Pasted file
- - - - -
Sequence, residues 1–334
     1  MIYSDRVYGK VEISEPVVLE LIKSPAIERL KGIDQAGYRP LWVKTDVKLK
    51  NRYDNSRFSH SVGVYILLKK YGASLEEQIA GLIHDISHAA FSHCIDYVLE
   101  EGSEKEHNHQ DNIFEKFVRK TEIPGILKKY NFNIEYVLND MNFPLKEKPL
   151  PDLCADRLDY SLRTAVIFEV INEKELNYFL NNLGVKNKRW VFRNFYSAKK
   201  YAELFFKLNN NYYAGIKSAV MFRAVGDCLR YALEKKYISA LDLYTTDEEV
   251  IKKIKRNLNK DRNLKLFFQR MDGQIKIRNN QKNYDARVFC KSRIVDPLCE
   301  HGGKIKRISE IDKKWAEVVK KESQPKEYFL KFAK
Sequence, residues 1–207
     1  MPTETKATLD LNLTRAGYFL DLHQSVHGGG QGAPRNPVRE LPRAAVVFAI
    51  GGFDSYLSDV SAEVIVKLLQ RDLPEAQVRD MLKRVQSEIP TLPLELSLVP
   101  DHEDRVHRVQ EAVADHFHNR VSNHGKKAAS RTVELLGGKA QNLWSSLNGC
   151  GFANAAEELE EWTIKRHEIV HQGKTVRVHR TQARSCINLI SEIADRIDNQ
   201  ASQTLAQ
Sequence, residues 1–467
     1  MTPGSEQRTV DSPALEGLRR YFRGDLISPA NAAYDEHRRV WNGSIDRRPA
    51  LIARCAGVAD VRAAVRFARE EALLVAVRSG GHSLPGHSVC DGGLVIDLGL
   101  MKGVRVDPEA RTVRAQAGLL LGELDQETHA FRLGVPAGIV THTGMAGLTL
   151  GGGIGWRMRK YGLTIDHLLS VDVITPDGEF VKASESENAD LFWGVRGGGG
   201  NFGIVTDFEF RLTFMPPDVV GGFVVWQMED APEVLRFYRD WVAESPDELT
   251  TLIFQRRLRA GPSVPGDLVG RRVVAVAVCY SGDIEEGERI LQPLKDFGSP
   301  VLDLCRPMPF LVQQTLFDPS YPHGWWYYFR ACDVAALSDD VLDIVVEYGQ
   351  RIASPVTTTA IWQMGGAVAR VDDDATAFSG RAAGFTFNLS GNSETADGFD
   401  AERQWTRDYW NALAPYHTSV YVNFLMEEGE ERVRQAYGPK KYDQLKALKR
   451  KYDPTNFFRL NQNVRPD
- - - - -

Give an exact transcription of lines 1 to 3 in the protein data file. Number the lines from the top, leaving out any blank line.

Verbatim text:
Sequence, residues 1–334
     1  MIYSDRVYGK VEISEPVVLE LIKSPAIERL KGIDQAGYRP LWVKTDVKLK
    51  NRYDNSRFSH SVGVYILLKK YGASLEEQIA GLIHDISHAA FSHCIDYVLE